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Discussion in 'Handguns: Holsters and Accessories' started by Red Cent, Jun 27, 2014.

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  1. Red Cent

    Red Cent Member

    May 20, 2010
    McLeansville, NC by way of WV SASS 29170L
    Got a couple of questions. Think about them please. It is important to me.

    When you shop for a holster does the boning/detail work influence your decision? Does the trigger guard and the slide/cylinder have to be totally outlined to make up your mind?

    Does a general molded but not detailed outline of the handgun OK?

    I won't touch on price because after reading some of the posts I may have to double prices to compete:evil:
  2. JTQ

    JTQ Member

    Apr 6, 2009
    NW Florida
    I depends.

    I don't have a problem with the less detail on say a Kramer holster http://www.kramerleather.com/productDetail.cfm?productID=10&categoryID=24

    or a Simply Rugged Cuda http://shop.simplyrugged.com/ecommerce/Cuda-.cfm?item_id=407&parent=669

    or a Rosen Express line http://www.mitchrosen.com/products/express-line/

    vs the full detail boning of something like Rosen's regular line http://www.mitchrosen.com/products/holsters/belt-holsters/

    However, I notice the lack of detail on holsters such as the Galco Tuck-N-Go


    or the High Noon Mr. Softy http://www.highnoonholsters.com/Product_Line/_Mr_Softy/_mr_softy.html

    The difference is the first group of holsters, while not showing the full detail boning, have excellent reputations for retention and stability. The Galco and High Noon are clearly soft bodied holsters that one would expect to have little rigidity or retention.

    A new maker, with no boning to his holsters (actually it would apply to any new maker regardless of how well his holsters are boned), would need to have some strong recommendations from users indicating their holsters are solid before I'd spend money on them.

    There are lots of options available to the holster buyer. There would need to be some reason to buy something from a new maker over well established makers. It could be almost anything though. You could deliver a product faster, or a unique design, or a better looking product, or for somewhat of an oddball gun not covered by other makers, or a better customer service experience. There is a lot of competition in the holster business, but there are still a lot of opportunities to fill a need in the market.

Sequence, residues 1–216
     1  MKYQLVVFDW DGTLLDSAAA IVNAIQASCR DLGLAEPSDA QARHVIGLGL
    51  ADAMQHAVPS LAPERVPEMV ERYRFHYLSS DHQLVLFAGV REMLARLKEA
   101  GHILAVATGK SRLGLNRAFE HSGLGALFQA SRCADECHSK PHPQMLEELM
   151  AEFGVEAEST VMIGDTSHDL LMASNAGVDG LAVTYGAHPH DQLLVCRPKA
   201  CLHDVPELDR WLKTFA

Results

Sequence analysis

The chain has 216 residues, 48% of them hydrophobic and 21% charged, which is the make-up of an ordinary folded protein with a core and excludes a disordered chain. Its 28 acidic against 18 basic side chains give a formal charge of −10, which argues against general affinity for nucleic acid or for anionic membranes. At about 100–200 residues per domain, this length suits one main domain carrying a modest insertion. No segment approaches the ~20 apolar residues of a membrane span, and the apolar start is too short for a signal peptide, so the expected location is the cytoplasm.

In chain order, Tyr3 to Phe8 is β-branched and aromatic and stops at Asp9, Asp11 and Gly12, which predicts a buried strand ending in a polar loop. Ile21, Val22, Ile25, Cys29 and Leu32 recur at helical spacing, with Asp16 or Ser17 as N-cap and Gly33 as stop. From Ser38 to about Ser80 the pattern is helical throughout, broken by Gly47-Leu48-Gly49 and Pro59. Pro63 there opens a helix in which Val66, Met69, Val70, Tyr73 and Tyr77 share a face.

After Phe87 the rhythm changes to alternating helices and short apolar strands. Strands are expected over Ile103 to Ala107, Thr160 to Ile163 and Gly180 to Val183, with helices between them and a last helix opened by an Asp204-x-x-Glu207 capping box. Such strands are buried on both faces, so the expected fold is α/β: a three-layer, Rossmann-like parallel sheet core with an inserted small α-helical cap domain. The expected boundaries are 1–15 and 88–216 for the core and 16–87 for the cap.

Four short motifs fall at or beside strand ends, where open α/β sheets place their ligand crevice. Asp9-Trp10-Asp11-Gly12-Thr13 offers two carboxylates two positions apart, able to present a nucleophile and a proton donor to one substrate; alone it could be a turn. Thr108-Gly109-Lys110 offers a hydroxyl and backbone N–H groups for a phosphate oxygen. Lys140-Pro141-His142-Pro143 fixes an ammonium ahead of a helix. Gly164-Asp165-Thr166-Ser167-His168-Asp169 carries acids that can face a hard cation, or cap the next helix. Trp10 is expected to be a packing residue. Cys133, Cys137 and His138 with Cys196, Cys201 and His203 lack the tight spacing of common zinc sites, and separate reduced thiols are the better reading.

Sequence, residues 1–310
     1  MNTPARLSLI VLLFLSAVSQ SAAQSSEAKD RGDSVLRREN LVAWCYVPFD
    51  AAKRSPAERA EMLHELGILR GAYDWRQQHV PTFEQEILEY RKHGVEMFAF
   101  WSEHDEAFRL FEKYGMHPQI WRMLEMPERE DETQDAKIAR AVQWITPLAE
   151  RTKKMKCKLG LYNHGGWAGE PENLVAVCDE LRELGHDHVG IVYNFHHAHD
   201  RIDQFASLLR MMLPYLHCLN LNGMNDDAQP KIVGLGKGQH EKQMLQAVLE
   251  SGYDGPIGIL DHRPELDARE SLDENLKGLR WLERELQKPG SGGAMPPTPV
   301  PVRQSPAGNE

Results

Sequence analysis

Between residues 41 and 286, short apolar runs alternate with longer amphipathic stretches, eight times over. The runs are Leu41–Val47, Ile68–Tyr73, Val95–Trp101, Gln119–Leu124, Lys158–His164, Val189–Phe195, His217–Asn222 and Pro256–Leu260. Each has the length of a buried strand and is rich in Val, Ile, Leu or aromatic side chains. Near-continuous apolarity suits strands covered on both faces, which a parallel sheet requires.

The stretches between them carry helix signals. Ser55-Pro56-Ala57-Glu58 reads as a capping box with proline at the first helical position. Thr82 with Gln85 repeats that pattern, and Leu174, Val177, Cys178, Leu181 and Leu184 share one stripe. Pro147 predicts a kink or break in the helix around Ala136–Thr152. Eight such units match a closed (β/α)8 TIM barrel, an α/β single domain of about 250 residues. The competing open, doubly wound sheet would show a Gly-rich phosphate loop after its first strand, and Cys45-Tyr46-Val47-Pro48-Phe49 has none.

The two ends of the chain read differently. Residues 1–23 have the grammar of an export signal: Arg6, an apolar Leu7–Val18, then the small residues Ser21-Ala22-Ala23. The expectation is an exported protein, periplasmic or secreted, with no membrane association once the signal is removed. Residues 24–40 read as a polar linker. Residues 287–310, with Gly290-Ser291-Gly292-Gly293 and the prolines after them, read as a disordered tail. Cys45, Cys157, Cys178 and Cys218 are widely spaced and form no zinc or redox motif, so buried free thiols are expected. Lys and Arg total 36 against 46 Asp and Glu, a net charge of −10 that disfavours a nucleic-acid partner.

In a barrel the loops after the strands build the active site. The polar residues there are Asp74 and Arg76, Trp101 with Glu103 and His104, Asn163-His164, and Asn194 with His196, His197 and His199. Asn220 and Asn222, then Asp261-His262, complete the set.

3. Old Dog

    Old Dog Member

    Aug 11, 2004
    somewhere on Puget Sound
    Yes, quite often ... For some of my handguns, I much prefer a good-looking, quality holster.
    Pretty much, especially if it contributes to a good fit for the piece and good retention characteristics.
    Okay for a functional, working holster -- as JTQ noted, with a Kramer horsehide holster, meant to be durable and protect the gun, yep.

    But I suspect some of the reasons that many of us favor leather over Kydex is that we appreciate a classy, quality, fitted look ...
  4. Greg528iT

    Greg528iT Member

    Mar 10, 2010
    Since I have started making my own holsters, and thus deciding how much detail to bone into them or not, I've come to the conclusion that highly detailed boning is like a varyation on traditional leather work or stampings. Call detail boning the new basket weave or sheridan carving. I admire it for the work required but it is not everyones fancy. I like all 3, or I should say all 4. Plain / smooth, basket weave, Sheridan, and Detail boned.
  5. The Lone Haranguer

    The Lone Haranguer Member

    Jul 30, 2006
    Johnson City, TN
    It looks great, no doubt, but functionally, highly detailed molding to every contour of the gun is superfluous. As long as the gun doesn't slip around in the holster, yet still allows a smooth draw without excessive effort, that is sufficient. I'm very pleased with this High Noon "Public Secret" IWB for my CZ75D Compact:



    Its retention, which can be "fine tuned" with the tension screw, is enough so the gun doesn't slip around while inside it and will even hold the gun when turned upside down, yet the draw is easy. The smooth outer contours are comfortable against my body with less poking, prodding or gouging, which is important because of where I wear it:


    The bottom line for me: nice but not necessary.
    Last edited: Jul 1, 2014
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